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Two questions and one attitude

What I ask and assume before making investment decisions.

There are two very important questions I ask, and a particular attitude I assume, before taking any possible investment decision. In the never-ending quest to improve my investment decision-making, I have found these questions valuable heuristics. I hope you do to.

The questions

  • If I only had 20 investment decisions to make in my entire career, would this company be one of them?

This forces me to consider only my very best ideas for investment, not the maybe-this-will-work-out-well sort that one is tempted to get involved in when you do investment management for a living. As in life, it’s not black and white that gets you into trouble, but the grey. I believe this is one of the essential reasons why super-smart people are not necessarily the best investors. They employ their considerable intellectual powers to separate grey from grey, instead of being meta-smart in recognising that often the smartest decision is not in how you play the game, but in deciding which game to play in the first place.

  • Could this company be 10 times larger (without issuing extra shares) than what it is at present?

If you want to make a lot of money from shares you need to find a company that can increase its earnings materially, and the most sustainable long-term way of doing that is by selling more stuff or services. A company needs room to grow to achieve multiples of its current earnings. In other words, it needs to be a small fish in a big pond of demand, where it can grow by prudently (value accretively) eating its way to size, or it needs to smart about entering other ponds.

Forecasting which specific company is going to increase its earnings by multiples of 10 is no fools game, and a handful of buying such companies at single-digit or low double digit pre-growth multiples can make all the wealth difference in the world. I don’t have a recipe, but I do believe on can tilt the odds slightly in ones favour.   

You are not going to see Apple grow its earnings ten times from its current level. For that to happen, every person on the planet would need a couple of iPhones, with extra accessories! All else equal, smaller companies will find it easier to grow than their larger counterparts. This size-versus-growth relationship is not that simple as larger businesses often have differential access to resources, such as cheaper funding, which one would expect to lead to “easier” growth. But I would say (guess) that for the most part the size-versus-growth relationship holds, which implies that you are better off looking for ten baggers among smaller companies.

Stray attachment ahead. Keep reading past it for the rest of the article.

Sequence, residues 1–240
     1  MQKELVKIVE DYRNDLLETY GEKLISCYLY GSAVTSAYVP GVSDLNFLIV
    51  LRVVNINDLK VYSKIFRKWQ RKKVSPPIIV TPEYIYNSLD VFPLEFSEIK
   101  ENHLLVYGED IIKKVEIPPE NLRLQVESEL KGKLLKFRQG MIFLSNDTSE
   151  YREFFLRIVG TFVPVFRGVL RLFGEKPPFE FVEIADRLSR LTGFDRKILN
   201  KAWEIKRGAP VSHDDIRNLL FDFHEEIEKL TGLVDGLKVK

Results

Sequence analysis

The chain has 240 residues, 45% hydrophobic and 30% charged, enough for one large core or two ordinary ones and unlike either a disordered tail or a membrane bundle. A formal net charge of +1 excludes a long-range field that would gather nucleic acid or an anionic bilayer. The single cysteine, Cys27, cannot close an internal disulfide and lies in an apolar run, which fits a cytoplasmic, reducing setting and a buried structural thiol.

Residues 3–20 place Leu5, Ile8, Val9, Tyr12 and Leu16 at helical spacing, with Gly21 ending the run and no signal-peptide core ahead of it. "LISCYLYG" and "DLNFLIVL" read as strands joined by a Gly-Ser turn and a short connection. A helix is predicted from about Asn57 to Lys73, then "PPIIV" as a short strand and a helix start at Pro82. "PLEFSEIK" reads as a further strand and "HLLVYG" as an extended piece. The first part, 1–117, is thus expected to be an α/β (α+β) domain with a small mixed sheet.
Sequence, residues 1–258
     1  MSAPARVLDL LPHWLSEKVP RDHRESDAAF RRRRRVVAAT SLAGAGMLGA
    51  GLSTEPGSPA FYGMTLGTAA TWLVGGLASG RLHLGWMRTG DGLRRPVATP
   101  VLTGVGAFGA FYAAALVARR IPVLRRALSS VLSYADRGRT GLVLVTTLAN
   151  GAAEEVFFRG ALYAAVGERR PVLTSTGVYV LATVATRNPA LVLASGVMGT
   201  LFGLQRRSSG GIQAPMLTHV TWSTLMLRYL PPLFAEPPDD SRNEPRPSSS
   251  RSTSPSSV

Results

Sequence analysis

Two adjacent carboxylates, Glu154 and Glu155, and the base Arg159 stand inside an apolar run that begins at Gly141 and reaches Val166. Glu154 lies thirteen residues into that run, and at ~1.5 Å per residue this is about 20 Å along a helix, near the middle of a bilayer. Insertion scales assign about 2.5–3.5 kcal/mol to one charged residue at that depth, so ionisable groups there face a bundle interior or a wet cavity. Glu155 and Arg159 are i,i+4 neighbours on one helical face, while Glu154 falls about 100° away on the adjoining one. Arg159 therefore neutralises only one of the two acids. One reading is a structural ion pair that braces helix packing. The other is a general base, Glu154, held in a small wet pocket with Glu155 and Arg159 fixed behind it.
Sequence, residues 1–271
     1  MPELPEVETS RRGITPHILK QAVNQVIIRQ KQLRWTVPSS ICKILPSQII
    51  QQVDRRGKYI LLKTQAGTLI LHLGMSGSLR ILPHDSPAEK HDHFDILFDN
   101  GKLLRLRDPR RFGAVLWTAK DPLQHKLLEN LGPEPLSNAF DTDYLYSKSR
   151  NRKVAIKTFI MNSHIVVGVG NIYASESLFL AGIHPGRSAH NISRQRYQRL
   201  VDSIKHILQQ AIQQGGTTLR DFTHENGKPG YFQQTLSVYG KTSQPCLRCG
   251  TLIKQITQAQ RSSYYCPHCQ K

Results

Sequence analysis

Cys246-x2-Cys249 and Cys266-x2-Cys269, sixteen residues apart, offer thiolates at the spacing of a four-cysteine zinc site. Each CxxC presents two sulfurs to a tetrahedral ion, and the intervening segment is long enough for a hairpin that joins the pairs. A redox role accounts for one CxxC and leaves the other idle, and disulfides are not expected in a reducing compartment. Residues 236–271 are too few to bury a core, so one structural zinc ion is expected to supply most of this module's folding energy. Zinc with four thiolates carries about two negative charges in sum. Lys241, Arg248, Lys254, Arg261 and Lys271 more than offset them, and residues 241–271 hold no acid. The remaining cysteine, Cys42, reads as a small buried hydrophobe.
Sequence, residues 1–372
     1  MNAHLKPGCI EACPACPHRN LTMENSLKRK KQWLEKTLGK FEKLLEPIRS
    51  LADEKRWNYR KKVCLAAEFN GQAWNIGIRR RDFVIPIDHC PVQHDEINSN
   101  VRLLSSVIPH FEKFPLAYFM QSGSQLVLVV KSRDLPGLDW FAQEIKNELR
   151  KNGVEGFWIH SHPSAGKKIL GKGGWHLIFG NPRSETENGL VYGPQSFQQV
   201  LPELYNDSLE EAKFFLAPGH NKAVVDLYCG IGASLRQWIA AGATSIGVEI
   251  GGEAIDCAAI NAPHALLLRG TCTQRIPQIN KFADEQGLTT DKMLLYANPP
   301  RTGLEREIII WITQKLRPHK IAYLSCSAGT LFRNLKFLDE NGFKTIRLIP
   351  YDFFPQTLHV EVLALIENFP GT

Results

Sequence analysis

Secondly, if the pond (industry) that you are swimming in is relatively small compared to your current size, then I do not care what bubbles you blow. Your chances of becoming a great white are negligible. What a business requires in order to become really large, although not necessarily very profitable, is demand for its goods or services, and lots of it! Which companies, doing what, will see profitable demand for their products or services increase many multiples from current levels? If you can answer this question well more often than not, I want to be your friend. 

The attitude

  • I assume the attitude expressed by the following phrase “thank you, but no thank you”.

In other words, my default attitude towards any new investment opportunity is to say no. If you approach investment decision making with the attitude that you are going to decline 99 out of 100 opportunities, you are bound to miss a few that turned out fabulously in the end. But, I am confident that this negative frame of mind will ensure that when you do invest, it will not be an emotional decision. I want to invest in opportunities that are so obvious that even the largest cynic in the world would be inclined to declare investment heaven had arrived.

The moment that you buy an asset is the moment that you are certain that you have paid something; what you are not quite sure about is what you will be getting in return. If you are very circumspect in the price that you are paying in the present, then you don’t have to be that great in anticipating the future as there are many more ways the future can turn out wealth enhancing for you than the person who was too hasty in paying up in the now. Investment is essentially a guessing game. This does not imply that it is gambling but it does imply that the future has many more ways of turning out than what anyone expects. It is prudent to increase the odds of success by controlling one of the few things you can be certain about in this business, the price that you pay today.

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